A drug intended to release addicts from the tyranny of heroin and painkillers is trafficked on the streets of Vermont alongside the very substances it was created to thwart.
Taxpayer dollars are subsidizing the addiction habits of hundreds of Vermonters, and lawmakers are considering legislation to crack down on buprenorphine diversion.
The state last year spent $8.25 million in Medicaid money on buprenorphine, a narcotic prescribed to help Vermonters overcome dependency on opiates.
State officials have no idea how much buprenorphine, known by the brand name Suboxone, is diverted, even as the state funnels more money into the fight against what Gov. Peter Shumlin calls a “full-blown heroin crisis.”
The very drug that is supposed to be part of the solution is increasingly becoming a problem as some addicts sell their medication on the street to buy cheaper drugs, such as heroin.
You can buy buprenorphine outside Rite Aid on Cherry Street in Burlington. “Got the bupe?” people ask. “Got the strips?”
Most Vermonters who take “street bupe” aren’t after a high, they are tired of chasing pills or heroin, and they are self-medicating with illegally obtained bupe because they can’t get medical care.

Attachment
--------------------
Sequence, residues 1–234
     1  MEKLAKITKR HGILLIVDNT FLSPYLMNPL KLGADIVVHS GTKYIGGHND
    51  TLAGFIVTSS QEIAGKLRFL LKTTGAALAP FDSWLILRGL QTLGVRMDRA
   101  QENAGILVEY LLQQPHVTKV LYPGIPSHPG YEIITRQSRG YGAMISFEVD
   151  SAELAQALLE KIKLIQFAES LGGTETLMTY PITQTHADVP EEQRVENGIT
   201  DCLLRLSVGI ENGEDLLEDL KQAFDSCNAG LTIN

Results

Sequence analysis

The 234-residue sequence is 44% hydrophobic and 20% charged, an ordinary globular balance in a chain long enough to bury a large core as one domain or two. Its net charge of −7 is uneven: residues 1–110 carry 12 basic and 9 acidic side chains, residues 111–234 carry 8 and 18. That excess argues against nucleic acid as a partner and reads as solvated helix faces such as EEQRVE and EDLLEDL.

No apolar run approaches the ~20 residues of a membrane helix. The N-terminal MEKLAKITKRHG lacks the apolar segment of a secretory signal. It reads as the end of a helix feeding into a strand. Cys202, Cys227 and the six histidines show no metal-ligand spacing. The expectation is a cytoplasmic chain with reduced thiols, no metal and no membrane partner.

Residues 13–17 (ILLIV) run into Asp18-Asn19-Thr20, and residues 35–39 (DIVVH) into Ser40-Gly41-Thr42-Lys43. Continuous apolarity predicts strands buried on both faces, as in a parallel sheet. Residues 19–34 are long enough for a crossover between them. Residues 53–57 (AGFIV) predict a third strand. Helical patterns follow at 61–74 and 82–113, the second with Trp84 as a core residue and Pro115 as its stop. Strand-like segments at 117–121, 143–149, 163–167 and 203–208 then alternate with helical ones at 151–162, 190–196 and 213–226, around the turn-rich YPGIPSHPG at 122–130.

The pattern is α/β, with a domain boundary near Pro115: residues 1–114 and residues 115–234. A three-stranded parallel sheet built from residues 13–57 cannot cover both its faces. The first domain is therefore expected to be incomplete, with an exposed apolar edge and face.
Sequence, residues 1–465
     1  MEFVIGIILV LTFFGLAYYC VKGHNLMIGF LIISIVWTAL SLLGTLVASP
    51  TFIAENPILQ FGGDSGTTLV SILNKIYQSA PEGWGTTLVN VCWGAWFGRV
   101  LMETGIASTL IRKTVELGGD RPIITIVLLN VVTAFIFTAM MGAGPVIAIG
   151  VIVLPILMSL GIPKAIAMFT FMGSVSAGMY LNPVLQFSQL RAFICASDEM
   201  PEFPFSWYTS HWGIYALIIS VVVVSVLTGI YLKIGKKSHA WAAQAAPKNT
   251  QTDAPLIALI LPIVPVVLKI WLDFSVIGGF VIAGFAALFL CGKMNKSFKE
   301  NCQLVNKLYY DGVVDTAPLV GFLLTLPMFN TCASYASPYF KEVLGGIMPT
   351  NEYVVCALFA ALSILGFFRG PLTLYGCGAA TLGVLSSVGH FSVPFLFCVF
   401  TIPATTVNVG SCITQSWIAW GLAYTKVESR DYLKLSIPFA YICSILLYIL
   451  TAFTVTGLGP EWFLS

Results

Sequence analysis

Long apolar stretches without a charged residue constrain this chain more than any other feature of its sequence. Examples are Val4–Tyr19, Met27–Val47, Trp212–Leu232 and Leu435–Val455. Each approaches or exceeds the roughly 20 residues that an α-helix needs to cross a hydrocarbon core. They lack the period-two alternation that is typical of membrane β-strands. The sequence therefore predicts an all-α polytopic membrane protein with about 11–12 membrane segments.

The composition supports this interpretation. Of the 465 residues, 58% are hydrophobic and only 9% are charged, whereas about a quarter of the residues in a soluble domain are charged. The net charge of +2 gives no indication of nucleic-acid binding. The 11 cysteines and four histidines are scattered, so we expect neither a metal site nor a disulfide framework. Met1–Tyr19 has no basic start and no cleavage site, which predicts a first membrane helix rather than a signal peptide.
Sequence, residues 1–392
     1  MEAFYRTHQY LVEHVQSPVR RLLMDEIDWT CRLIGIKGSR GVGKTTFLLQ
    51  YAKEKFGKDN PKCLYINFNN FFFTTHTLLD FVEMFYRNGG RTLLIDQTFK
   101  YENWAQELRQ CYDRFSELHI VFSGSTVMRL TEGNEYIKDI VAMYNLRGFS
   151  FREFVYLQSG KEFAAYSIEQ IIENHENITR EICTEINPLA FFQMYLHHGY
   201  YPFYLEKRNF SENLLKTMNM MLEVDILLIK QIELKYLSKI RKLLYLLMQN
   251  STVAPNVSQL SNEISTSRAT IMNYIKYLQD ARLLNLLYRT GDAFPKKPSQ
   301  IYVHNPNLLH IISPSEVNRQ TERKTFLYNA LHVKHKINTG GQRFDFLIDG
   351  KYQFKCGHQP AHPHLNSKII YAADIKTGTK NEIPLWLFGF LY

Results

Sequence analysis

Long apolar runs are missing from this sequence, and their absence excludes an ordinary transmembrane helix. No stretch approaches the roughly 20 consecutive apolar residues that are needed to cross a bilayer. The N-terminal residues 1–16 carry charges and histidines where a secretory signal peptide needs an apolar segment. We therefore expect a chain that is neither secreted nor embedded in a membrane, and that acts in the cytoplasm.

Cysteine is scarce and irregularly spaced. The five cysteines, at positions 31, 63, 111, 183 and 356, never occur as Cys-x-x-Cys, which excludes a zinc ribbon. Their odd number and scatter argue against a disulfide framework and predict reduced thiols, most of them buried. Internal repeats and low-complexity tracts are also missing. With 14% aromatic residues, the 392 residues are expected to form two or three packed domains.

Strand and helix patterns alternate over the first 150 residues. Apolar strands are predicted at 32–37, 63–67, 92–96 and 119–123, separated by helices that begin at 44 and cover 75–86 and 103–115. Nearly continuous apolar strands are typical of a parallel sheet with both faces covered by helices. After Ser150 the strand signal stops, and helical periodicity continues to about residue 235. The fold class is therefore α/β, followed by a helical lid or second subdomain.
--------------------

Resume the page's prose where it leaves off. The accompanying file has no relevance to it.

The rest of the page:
Waitlists for Suboxone treatment from private doctors can extend six months or even several years. Hundreds of addicts in Vermont are waiting to see a doctor who can prescribe buprenorphine.
The trouble is, addicts can’t wait that long. Once they are ready to get clean, they need help right away.
Gordon Wade’s addiction cost him his wife, his dog, his job. The 58-year-old from Mount Holly finally got tired of running after that ephemeral bag of heroin. “I was sick of the drugs,” he said.
“On the Suboxone, you can function normal,” he said.
Though many addicts have a difficult time finding legitimate access to bupe through a doctor, Wade was lucky. He was able to find a doctor after he finished his most recent treatment at Evergreen Substance Abuse Services in Rutland.
What is bupe?